I received a box of Cheerio's the other day!!! Thanks Jeannie. I was so excited. The next morning I was late and thought, cheerio's are fast. I forgot to remember that even a bowl of cereal is difficult here. I had to make the milk. The water I used was warm and the amount of milk I added wasn't right. So my breakfast too more time than I expected and didn't taste that great.
The next day I had put water in the fridge to cool it. Later to find out that the milk powder doesn't dissolve in cold water very well. It again took a lot longer.
The spiders here in Burundi aren't like the lazy spiders in America who spin a web and wait for a fly to get trapped. Flies get trapped in my apartment and congregate on the window screen. The spiders hang out on the screen. It's amazing to watch these hunting spiders. They run over to the fly and grab it. Then they hang on until the meal is finished. No messing for webs and tying up their victims. I was walking up the stairs to my apartment today and saw a spider on the step holding tight to his breakfast. So cool. It just reminds me that even spiders have it difficult in Burundi.

Tuesday, June 15, 2010

Stinky Fridge Solution

So when I got back from Kibuye my fridge was off. I'm not sure why, the power was on and it was plugged in. Anyway it was off. I'm sure it had been off all week because when I opened the door I was greeted by the most terrible smell of death. At second glance I noticed little yellow colored things crawling out of the freezer compartment (it's a small college style fridge). The hamburger meat that I had purchased a few days before I left now was moving. After thoroughly cleaning the fridge 3 times the smell persisted. I asked around on Facebook and I got many suggestions that I couldn't try but I did try coffee grounds. It was great. The bad smell was taken over by the coffee smell. After three days I figured it was safe. I removed the bowl of coffee grounds. The next day the smell was back; not as strong though.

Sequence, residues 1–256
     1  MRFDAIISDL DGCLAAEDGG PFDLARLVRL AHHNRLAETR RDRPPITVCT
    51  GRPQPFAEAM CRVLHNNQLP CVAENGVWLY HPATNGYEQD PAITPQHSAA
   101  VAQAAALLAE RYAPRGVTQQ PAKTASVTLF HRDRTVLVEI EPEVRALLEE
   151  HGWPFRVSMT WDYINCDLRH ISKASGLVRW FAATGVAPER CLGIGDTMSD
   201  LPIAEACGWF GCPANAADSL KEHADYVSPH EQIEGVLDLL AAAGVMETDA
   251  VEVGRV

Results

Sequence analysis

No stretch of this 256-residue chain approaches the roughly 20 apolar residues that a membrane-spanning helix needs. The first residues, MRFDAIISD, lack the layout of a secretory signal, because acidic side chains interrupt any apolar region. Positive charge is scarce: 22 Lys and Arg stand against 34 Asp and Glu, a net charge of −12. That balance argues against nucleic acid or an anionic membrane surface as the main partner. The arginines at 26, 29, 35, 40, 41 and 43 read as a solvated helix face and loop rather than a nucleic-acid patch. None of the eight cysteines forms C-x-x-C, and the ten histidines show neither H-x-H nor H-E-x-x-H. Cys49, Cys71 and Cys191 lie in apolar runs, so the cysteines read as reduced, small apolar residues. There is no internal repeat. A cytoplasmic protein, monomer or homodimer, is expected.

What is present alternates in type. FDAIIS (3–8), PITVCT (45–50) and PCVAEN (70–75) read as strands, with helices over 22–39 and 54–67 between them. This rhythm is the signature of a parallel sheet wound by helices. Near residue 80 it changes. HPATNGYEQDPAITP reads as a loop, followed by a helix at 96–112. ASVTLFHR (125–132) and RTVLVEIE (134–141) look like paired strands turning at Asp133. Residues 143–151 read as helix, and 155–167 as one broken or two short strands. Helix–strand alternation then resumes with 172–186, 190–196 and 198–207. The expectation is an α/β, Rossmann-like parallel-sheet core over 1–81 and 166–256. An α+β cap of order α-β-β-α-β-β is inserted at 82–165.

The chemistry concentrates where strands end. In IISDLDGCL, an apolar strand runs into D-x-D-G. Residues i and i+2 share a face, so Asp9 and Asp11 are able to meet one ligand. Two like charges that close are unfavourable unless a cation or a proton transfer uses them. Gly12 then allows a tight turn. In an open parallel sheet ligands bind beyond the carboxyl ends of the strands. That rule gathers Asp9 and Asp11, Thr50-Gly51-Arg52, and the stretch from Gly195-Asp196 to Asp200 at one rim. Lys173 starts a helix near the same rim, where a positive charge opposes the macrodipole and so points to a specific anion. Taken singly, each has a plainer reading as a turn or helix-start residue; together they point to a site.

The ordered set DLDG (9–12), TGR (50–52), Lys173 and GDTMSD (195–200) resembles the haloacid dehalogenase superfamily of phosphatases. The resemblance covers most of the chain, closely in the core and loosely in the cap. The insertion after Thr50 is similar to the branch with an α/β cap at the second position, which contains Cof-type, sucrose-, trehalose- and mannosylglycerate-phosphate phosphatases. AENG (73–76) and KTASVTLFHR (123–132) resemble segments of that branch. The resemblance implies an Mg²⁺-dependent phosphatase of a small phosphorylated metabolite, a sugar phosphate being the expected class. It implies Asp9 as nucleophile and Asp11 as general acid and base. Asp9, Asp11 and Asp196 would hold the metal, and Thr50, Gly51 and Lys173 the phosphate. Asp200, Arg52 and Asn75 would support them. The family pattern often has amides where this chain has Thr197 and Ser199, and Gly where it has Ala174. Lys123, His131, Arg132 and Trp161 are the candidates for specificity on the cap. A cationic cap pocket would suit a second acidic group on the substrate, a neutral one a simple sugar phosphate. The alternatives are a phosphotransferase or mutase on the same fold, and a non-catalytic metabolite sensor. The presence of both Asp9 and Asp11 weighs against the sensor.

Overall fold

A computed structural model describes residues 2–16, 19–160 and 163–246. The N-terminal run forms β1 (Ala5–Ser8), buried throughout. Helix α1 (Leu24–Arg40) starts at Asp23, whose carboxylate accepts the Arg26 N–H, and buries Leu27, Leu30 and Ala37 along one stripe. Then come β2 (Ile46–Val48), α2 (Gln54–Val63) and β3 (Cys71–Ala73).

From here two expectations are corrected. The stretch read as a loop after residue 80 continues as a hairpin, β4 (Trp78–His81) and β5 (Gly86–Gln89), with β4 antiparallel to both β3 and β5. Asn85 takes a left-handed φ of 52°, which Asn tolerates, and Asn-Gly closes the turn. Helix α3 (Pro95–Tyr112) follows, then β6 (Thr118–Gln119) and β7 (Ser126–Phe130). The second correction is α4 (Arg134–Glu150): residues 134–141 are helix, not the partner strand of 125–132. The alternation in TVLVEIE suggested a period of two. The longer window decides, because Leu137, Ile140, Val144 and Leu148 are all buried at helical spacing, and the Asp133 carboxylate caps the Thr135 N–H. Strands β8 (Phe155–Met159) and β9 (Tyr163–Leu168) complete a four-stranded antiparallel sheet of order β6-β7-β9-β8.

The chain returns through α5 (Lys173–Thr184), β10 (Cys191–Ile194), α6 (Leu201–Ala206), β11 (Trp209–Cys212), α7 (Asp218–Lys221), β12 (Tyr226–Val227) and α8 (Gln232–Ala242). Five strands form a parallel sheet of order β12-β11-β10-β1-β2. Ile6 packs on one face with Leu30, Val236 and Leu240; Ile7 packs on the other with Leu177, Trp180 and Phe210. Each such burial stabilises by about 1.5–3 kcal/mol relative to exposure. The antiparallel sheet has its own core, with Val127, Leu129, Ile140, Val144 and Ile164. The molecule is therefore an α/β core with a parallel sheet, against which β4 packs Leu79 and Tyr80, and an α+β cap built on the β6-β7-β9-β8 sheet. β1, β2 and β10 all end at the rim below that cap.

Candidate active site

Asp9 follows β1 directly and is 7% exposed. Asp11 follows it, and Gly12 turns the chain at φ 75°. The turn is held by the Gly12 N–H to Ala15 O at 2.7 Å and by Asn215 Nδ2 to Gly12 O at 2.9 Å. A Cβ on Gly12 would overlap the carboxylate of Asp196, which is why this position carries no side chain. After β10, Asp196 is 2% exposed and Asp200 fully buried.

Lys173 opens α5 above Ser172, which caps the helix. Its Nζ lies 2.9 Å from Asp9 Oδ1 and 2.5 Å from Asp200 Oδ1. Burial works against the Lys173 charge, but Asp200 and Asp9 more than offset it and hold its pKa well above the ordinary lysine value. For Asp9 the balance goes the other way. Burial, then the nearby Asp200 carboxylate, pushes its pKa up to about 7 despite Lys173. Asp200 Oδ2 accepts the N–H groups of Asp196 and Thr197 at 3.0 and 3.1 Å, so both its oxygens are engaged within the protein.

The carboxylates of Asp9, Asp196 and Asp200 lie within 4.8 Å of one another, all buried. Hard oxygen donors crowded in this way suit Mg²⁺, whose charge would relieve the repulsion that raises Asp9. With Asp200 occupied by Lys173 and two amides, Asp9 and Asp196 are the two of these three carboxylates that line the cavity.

I had given up on trying to make my nose happy. I went on with life. It has been two days since the "solution" and there isn't the bad smell anymore. Two days ago an onion went into my fridge. That has overpowered the smell beyond belief. I'm sure by the time the onion smell disappears the bad smell will also be gone.
I guess for a fridge you fight stink with stink when there is no baking soda to be found.

Cooking for 1

I didn't realize how hard it would be cooking for one person. It would be easier if I could just make a big meal and then put the left overs in the fridge and eat them later. Unfortunately if I never know when the power if going to go off. Nor do I know how long it will stay off. So I make small amounts of food and whatever left overs I have get eaten the next day. Today I had some beans that I needed to use up. Now that I've eaten it I wouldn't suggest it, beans and scrambled eggs. I put the beans in a pan and cracked an egg on top. I stirred it all up until the egg was cooked. It looked...well. It didn't taste bad per say but it's not a meal I will try again.
This evening I teach a class until 5 and then have worship practice until 6:30. We will see what this evening meal ends up looking like.

Friday, June 11, 2010

Crazy Classes

So I was sitting in my chair working on preparing my classes and eating my breakfast when one of my students from last semester came to the door. She informed me that she was in my class and that it started 30min ago. WHAT!!! I checked the timetable yesterday afternoon. It changed so quickly, for the third time!
I went and taught. Luckily the students were the same ones I had so I could fake it with them quite well because I knew their knowledge base.
Then at the end of class they asked me if they could change the time of the classes. They are taking two classes from me and one from another teacher. The other teacher needed to change around the schedule. So after a grooling four days of class times changing I now know my schedule. Hopefully it won't change again!
I don't teach again till Tuesday so I'm thinking about going back up to Kibuye...Sounds like fun to me!

Thursday, June 10, 2010

Photos from Kibuye

Burnt Beans